The Main Reception Room, a centrepiece of the Neva enfilade, has preserved the authentic elements of historical decoration. Eight monolithic columns of polished Serdobol granite, mouldings of the vaulted ceiling and fragments of inlaid parquet floor adorn the room. In 2015, the reconstruction of the interior decoration was completed. Marble fireplaces and parquet floor of valuable wood species were recreated, the ceiling mouldings were cleaned and gilded anew, door panels were restored, and a bronze gilded chandelier was recreated. The doorways to the adjacent rooms were cleared.

In the western wing of the building, facing Marble Lane, there is the largest room in the palace – the White Room – a two-tiered hall created in the process of reconstruction carried out by Alexander Brullov. It received new molded ornamentation and its name – the White or Gothic Room – for the use of neo-Gothic elements in decoration. Brullov divided the room into three parts and placed pillars supporting the vaults, each surrounded by   bundles of thin “Gothic” columns transforming into fan vaults. Two marble columns topped by figures of Russian vityaz warriors adorn the doorway at the room’s southern wall on both sides. A marble fireplace with a mirror in a carved gilded frame is placed in the centre of the northern wall. This is the only original fireplace of the mid-19th century that has remained in its historical place in the Marble Palace up to date.

In 2002, complex restoration and reconstruction of the White Room was completed: figures of Russian vityaz warriors on the perimeter of the room, sculptural images of double-headed eagles and mouldings on the vaults were recreated. Windows in the eastern wall’s upper tier fill the room with soft light.  Chandeliers and candelabra were recreated from gilded bronze. The inlaid parquet floor was reconstructed.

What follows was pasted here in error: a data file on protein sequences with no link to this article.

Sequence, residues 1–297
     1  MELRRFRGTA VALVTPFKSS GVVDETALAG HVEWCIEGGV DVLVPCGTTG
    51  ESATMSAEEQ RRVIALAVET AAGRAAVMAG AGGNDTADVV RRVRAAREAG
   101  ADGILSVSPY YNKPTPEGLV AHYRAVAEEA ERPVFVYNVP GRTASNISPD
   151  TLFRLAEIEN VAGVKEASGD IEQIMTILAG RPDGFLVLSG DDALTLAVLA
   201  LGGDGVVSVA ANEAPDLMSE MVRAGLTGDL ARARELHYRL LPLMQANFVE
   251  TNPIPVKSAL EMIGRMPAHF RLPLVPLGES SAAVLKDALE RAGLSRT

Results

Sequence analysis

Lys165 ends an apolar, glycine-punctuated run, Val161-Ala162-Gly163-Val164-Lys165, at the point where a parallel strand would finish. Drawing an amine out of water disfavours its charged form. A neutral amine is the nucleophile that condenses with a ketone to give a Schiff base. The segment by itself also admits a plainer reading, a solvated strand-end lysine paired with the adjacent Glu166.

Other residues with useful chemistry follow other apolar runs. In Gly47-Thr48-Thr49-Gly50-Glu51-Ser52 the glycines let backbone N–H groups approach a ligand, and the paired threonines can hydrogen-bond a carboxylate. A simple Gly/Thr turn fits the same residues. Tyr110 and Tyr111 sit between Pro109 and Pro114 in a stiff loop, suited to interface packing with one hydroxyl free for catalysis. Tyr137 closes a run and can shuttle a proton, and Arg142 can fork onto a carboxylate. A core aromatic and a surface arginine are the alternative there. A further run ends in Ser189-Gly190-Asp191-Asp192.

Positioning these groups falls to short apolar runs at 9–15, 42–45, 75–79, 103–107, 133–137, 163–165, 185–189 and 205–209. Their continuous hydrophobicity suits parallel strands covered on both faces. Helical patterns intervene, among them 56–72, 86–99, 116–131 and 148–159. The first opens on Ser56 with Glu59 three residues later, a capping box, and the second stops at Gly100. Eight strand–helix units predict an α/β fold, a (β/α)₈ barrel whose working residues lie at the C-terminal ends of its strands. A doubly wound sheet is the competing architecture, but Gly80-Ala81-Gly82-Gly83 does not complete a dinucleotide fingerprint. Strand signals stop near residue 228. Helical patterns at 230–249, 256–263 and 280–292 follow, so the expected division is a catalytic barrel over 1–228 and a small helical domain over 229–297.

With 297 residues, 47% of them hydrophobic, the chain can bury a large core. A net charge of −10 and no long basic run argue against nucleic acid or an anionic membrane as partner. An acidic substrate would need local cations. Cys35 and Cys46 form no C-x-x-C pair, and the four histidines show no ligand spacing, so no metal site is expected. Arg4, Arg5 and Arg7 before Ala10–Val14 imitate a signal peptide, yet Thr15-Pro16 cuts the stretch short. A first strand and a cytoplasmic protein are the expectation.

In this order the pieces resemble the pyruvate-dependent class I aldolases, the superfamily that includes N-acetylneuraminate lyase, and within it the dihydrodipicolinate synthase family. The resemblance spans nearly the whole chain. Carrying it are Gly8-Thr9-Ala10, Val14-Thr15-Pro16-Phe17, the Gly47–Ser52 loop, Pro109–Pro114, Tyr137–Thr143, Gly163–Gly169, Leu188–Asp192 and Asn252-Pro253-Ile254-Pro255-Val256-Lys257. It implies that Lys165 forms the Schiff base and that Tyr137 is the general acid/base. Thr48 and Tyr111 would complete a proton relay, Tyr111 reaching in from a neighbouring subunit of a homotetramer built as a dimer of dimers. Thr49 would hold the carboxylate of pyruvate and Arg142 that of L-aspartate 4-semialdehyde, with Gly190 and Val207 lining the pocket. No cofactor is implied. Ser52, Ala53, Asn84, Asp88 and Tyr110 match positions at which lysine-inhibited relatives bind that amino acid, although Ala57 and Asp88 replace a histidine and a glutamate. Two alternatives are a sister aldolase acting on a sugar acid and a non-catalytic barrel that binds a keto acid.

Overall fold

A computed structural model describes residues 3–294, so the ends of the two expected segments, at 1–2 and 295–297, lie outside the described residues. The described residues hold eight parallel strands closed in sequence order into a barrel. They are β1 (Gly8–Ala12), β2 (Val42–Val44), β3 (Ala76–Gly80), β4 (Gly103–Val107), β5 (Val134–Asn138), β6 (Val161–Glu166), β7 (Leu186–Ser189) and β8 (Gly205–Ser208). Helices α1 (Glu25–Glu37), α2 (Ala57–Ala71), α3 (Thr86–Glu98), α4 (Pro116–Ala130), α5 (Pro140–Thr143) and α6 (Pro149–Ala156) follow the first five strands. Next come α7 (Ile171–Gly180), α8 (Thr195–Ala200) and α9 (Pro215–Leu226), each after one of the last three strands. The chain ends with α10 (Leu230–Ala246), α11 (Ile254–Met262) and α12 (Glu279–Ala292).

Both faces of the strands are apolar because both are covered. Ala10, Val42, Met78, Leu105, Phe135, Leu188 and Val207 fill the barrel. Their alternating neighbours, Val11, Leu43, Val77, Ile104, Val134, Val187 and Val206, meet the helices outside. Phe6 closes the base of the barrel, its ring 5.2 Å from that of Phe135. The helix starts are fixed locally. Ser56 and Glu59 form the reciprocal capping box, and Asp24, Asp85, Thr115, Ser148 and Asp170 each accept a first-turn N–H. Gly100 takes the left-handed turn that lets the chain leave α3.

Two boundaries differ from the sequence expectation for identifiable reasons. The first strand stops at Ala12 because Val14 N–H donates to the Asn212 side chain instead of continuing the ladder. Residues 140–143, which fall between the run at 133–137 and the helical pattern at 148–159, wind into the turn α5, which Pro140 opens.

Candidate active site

Two doors at the White Room’s northern end lead to the Greek Gallery, where the artistic decoration has also been recreated: the walls are covered with artificial marble and the inlaid parquet floor has been reconstructed. The molded ornamentation of the ceiling has been restored and the bronze gilded chandeliers have been recreated.

The Winter Garden adjoins the Greek Gallery. Alexander Brullov built it on the terrace of the former Hanging Garden, which occupies the space of the second and third floors. The decorative arches of the vault rest on cast-iron columns and half-columns. The metal ceiling above the third floor is coffered. The windows of the third-floor rooms look down onto the garden, and the one on the eastern wall has a small balcony with an elegant wrought-iron railing. A marble three-basin fountain occupies the mosaic stone floor in the middle of the garden. The fountain, a large three-leaf glazed door and three arches connecting the garden with the Flower Garden and the third-floor balcony with a decorative railing were recreated in the Winter Garden. A marble fireplace with a mirror was recreated in the Flower Garden, and a doorway leading to the former library of the Neva Enfilade was opened.